5. That Oklahoma city park is pretty nice, and right downtown and very close to the thunder arena. Oklahoma city is really a pretty nice place. I have my hopes the A’s land in Nashville. That’s a cool city also.

  6. The Mets having their AAA farm team(Las Vegas) across the country three time zones from NY is a Joke. This is indicative of the joke of an operation that the Mets are being run under the Wilpon ownership. The Mets had their AAA team for the longest time in Norfolk Va., and more recently in Buffalo, both in convenient proximity to the parent club. However, over more recent years the Mets have refused to stock their farm teams with sufficient talent potential(except pitching). As a result, minor league teams no longer wanted to affiliate with the Mets. At the time that the Mets had signed up with Las Vegas, it was the only AAA franchise remaining without an affiliation. Cashman Field is also considered one of the worst AAA facilities, as well.

    • Vegas-based A’s fan here – – and your evaluation of Cashman Field is spot-on. Something called the Summerlin Las Vegas Baseball Club LLC bought the club in May 2013, with the intention of building a new ballpark out in the suburbs, but nothing official has been announced yet.

      I would love to see the 51s in white shoes. It would be better for the franchise, since the attendance usually picks up when the team is successful. There are plenty of flights between Las Vegas and just about anywhere. But the current park is so antiquated, it’s probably a non-starter for the A’s.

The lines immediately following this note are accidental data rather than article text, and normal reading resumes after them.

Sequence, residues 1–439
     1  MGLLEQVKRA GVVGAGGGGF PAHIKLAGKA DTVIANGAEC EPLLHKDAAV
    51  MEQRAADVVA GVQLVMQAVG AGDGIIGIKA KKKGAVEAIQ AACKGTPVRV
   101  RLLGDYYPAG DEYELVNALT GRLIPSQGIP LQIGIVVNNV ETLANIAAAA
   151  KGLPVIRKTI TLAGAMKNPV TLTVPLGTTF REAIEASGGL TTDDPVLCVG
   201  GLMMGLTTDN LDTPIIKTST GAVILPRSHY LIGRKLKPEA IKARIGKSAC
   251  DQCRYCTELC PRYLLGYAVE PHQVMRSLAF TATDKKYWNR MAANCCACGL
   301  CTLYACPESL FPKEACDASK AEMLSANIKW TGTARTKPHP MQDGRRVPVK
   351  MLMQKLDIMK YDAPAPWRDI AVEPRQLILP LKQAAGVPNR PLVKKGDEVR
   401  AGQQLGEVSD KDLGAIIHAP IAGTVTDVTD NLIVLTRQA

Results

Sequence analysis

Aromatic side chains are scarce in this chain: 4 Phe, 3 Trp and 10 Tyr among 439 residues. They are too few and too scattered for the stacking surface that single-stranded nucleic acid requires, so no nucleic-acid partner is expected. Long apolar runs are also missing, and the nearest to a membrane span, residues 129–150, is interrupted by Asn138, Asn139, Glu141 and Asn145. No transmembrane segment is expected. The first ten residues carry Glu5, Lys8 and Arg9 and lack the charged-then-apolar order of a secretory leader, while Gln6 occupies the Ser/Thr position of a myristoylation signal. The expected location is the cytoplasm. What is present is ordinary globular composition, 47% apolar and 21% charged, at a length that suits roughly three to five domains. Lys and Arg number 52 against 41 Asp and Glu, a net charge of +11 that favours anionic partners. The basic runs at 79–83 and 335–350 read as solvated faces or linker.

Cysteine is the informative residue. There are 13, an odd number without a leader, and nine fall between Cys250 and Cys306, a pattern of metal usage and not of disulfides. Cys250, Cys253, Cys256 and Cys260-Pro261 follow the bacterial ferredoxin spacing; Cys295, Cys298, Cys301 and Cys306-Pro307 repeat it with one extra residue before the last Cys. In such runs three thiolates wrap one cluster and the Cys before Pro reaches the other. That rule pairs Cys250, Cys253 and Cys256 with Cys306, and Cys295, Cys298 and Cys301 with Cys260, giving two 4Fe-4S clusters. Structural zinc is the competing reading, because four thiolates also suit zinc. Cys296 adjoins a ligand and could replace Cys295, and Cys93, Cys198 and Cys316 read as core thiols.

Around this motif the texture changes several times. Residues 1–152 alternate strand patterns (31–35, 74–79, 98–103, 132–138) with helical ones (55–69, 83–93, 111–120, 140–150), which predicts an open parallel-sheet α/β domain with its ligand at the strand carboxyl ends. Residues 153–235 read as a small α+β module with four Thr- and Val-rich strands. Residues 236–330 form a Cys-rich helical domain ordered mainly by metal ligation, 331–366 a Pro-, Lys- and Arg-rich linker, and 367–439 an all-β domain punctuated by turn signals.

• Does minor league attendance correlate well with the team’s won-lost record?

      Serious question. I have no idea. It just always seemed to me that people go to minor league games as more of a family night out or scout or Little League activity, without caring that much about the PCL or California League pennant race. And if that’s the case, I would expect the minor league franchises to seek PDCs based mainly on financial considerations and maybe a chance to ride a popular major league brand — rather than worry much about which MLB team will furnish the best players. But maybe I am wrong about this.

      • To a degree, probably not as much as the bigs. Take for instance the Las Vegas 51s. They have the best record in the PCL this year. Because of the climate and the not-so-great ballpark, they have the worst attendance. They routinely have among the worst. Albuquerque is consistently one of the better attendance performers, yet the Isotopes have been dismal this year.